Course Proposal - Student Learning Outcomes

In this context, learning outcomes describe what students are able to demonstrate in terms of knowledge, skills, and values upon completion of a course.  For our purposes the terms learning outcomes and learning goals are interchangeable.  The term “learning outcomes” is used broadly  in higher education, but some people find it more straightforward to think about goals for learning.

It is also possible to have learning outcomes for an academic program, a sequence of courses,  or other learning structures.  
Learning outcomes should be objective, measurable and aligned with the material covered in the course and its methods of assessment.  Here are a few examples:
  • Student will be able to analyze the interaction of politics and economics in developing nations.
  • Student will be able to describe the scientific principles of heredity.
  • Student will be able to design a qualitative research study.
Learning outcomes are a required component for a course proposal's sample syllabus. Usually a course will have 3 to 7 main learning outcomes; instructors should think about what they want students to know or gain from the course. Another way to think of this is to answer the question, when students leave this course I want them to be able to (fill in the blank).   Instructors can look to the language they use for their academic program learning outcomes and may want to link to that same language.  Instructors may want to   review resources provided below for more examples and information.  If relevant they may refer to guidelines for learning outcomes available through the accrediting body for their program or discipline.  The sample syllabus that they provide with their course proposal should include a section with learning outcomes written in a format that works for them.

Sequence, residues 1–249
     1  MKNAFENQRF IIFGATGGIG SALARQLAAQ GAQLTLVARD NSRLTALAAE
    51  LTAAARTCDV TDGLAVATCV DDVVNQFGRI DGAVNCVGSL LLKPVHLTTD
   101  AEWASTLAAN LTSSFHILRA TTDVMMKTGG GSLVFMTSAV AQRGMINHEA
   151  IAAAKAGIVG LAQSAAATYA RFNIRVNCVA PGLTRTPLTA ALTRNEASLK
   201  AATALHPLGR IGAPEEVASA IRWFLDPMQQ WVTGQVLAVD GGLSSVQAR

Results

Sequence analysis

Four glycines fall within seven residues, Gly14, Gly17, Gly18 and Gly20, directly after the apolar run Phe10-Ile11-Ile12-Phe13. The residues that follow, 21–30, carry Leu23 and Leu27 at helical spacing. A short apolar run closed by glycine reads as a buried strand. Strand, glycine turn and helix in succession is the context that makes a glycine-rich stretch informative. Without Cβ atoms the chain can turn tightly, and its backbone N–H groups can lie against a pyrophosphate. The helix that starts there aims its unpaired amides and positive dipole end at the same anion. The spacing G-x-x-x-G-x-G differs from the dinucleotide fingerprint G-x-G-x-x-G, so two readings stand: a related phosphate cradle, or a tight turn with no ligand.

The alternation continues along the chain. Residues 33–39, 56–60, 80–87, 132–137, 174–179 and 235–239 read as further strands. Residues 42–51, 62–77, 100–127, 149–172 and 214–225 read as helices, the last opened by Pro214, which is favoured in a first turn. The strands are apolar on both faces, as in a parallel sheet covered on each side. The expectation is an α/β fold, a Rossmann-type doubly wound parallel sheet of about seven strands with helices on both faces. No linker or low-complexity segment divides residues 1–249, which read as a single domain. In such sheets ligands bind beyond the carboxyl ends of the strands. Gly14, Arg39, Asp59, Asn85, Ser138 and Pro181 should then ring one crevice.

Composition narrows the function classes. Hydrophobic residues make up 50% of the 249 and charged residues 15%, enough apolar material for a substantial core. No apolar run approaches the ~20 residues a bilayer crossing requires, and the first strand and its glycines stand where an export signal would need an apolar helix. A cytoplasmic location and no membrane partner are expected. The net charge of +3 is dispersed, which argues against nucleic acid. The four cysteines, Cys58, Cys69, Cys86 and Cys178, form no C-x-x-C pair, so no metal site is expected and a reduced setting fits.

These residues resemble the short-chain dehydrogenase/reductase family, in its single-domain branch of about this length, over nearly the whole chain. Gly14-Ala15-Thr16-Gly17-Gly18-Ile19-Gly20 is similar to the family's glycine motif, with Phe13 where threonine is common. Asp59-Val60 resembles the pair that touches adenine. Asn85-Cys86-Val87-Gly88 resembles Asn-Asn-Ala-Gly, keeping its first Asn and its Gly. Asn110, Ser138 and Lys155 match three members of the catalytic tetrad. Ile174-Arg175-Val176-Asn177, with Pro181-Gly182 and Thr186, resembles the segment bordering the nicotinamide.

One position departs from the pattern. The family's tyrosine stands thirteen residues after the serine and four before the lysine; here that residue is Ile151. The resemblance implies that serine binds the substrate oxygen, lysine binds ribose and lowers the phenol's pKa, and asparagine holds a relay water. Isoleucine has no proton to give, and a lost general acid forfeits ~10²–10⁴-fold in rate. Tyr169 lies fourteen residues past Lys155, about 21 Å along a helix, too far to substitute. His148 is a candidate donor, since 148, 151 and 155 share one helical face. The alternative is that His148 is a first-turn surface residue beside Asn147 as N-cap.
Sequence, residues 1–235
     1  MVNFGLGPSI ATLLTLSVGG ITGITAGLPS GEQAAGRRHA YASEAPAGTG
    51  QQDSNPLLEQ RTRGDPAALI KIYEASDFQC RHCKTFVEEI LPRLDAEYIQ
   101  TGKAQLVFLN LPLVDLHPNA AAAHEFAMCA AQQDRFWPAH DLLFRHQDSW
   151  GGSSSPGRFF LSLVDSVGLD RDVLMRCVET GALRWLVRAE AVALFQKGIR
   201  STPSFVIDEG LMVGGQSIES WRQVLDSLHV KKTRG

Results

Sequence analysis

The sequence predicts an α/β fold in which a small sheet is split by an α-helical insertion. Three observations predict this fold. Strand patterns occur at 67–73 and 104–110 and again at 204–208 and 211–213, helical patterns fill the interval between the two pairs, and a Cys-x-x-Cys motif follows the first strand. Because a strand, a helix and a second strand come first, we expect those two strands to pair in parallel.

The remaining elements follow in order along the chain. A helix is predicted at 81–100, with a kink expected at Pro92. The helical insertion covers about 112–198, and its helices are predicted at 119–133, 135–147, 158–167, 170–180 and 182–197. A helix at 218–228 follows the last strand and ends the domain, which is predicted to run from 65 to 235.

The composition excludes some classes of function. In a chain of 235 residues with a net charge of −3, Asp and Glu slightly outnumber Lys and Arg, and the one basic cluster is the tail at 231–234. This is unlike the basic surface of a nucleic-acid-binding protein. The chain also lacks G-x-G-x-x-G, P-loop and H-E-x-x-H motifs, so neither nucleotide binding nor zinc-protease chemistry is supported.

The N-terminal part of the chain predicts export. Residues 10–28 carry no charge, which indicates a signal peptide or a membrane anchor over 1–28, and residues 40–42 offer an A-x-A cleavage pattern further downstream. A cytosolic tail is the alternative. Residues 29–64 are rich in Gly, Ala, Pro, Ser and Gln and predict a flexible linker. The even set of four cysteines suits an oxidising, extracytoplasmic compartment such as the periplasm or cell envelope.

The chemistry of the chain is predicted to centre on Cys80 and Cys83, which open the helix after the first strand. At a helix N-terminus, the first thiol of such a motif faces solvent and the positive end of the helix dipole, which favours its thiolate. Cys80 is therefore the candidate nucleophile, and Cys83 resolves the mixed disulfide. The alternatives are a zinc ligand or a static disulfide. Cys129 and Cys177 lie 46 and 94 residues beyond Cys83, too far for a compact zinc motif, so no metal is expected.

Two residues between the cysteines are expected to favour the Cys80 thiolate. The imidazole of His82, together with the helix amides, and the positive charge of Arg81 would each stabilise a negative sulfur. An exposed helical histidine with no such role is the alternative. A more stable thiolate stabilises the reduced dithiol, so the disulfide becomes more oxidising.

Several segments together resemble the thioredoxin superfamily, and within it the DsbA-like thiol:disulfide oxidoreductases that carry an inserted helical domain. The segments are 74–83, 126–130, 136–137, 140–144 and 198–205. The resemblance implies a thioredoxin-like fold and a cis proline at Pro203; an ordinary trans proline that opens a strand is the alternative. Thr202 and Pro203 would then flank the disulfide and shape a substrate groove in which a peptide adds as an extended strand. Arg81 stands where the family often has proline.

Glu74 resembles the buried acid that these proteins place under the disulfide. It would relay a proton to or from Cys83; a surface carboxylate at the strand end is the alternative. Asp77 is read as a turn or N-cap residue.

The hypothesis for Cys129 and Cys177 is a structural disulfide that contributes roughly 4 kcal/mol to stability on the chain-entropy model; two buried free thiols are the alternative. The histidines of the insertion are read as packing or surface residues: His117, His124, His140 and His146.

Due to changing assessment and accreditation requirements it is likely that more guidance and specific requirements will be provided in the future for how course learning outcomes should be framed.

Helpful Resources

Your school or college's assessment plan might also provide ideas for how you might frame the learning outcomes for your course.

Bloom's taxonomy is a useful tool for developing good learning outcomes

The Engineering Professional Development Teaching & Learning Resource site provides some helpful resources as well.

LEAP Initiative Essential Learning Outcomes

Keywords:learning outcomes   Doc ID:43346
Owner:Michelle Y.Group:Courses and Academic Programs
Created:2014-09-02 14:02 CDTUpdated:2016-04-01 10:48 CDT
Sites:Courses and Academic Programs
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